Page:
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'By a Silken Thread': regional banking integration and pathways to financial development in Japan's Great Recession

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  • Mathias Hoffmann
  • Toshihiro Okubo

Abstract

Regional differences in banking integration determined how Japan's Great Recession after 1990 spread across the country. We explain these differences with the emergence of silk reeling as the main export industry after Japan's opening to trade in the 19th century. The silk-exporting prefectures developed a system of export finance centered on local, cooperative banks that preserved their dominant local position long after the decline of the silk industry. Our findings suggest that different pathways to financial development can lead to long-term differences in de facto financial integration, even if there are no formal barriers to capital mobility between regions.

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File URL: http://cama.crawford.anu.edu.au/pdf/working-papers/2013/362013.pdf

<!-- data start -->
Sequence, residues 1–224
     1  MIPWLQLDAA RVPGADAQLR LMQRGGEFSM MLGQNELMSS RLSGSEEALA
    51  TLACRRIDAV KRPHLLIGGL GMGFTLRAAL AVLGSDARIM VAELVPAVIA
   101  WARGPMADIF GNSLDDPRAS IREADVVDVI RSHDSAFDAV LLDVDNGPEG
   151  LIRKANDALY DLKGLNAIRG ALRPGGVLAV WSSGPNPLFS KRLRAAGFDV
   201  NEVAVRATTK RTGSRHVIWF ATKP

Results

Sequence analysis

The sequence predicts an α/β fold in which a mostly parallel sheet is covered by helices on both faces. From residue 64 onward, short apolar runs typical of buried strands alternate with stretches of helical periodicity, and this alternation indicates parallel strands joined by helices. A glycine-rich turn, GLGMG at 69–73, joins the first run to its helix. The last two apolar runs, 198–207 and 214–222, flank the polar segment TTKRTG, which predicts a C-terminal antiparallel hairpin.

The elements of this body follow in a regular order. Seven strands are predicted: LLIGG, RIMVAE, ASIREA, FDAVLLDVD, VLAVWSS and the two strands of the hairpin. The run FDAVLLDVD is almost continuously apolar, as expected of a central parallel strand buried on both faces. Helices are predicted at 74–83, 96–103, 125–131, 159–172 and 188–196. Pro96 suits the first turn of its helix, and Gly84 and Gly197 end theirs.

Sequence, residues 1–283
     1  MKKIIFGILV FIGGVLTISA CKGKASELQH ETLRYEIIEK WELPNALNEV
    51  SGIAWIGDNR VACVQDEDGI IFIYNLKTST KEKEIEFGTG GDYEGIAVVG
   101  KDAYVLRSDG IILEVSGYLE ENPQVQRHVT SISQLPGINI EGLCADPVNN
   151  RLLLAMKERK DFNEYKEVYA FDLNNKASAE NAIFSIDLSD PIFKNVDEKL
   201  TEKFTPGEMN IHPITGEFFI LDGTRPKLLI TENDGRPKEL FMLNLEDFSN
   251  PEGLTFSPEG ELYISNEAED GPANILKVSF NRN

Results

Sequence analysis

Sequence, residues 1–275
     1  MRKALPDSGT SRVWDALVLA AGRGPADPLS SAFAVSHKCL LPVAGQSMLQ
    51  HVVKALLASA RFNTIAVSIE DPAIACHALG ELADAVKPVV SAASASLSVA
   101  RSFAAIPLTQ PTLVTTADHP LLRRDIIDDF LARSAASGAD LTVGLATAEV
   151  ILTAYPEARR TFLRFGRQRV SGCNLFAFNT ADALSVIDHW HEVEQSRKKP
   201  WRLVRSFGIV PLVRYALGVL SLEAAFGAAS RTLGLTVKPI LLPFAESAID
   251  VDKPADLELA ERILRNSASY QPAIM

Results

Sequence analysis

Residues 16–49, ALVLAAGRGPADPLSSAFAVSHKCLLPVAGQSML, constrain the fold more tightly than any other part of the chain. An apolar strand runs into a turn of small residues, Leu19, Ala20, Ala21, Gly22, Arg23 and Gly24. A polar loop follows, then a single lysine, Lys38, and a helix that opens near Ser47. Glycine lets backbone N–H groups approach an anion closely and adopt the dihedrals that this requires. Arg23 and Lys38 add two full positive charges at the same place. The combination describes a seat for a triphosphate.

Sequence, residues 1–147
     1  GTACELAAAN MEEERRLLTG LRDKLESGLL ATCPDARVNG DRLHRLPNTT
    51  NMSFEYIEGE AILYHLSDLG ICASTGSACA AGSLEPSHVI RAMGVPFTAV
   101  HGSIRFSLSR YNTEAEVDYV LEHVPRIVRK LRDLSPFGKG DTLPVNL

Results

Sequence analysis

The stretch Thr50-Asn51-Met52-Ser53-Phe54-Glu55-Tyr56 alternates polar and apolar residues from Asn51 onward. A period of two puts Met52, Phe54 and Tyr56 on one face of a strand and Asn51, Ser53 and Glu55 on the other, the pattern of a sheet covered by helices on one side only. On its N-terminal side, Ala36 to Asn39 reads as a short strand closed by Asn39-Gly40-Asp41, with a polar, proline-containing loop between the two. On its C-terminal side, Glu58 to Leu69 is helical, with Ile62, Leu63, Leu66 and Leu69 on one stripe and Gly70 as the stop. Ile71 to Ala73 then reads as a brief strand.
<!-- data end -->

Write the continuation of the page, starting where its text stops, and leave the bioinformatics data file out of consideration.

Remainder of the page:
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Bibliographic Info

Paper provided by Centre for Applied Macroeconomic Analysis, Crawford School of Public Policy, The Australian National University in its series CAMA Working Papers with number 2013-36.

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Length: 68 pages
Date of creation: Jun 2013
Date of revision:
Handle: RePEc:een:camaaa:2013-36

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Keywords: financial development; financial integration; Japan; Great Recession; Lost Decade; banking integration; regional business cycles; transmission of financial shocks; misallocation of credit; trade credit; export finance; silk industry;

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Cited by:
  1. KAWASHIMA, Toshiki & NAKABAYASHI, Masaki, 2014. "Structural Disposal and Cyclical Adjustment: Non-performing Loans, Structural Transition, and Regulatory Reform in Japan, 1997-2011," ISS Discussion Paper Series (series F) f167, Institute of Social Science, The University of Tokyo, revised 27 Apr 2014.

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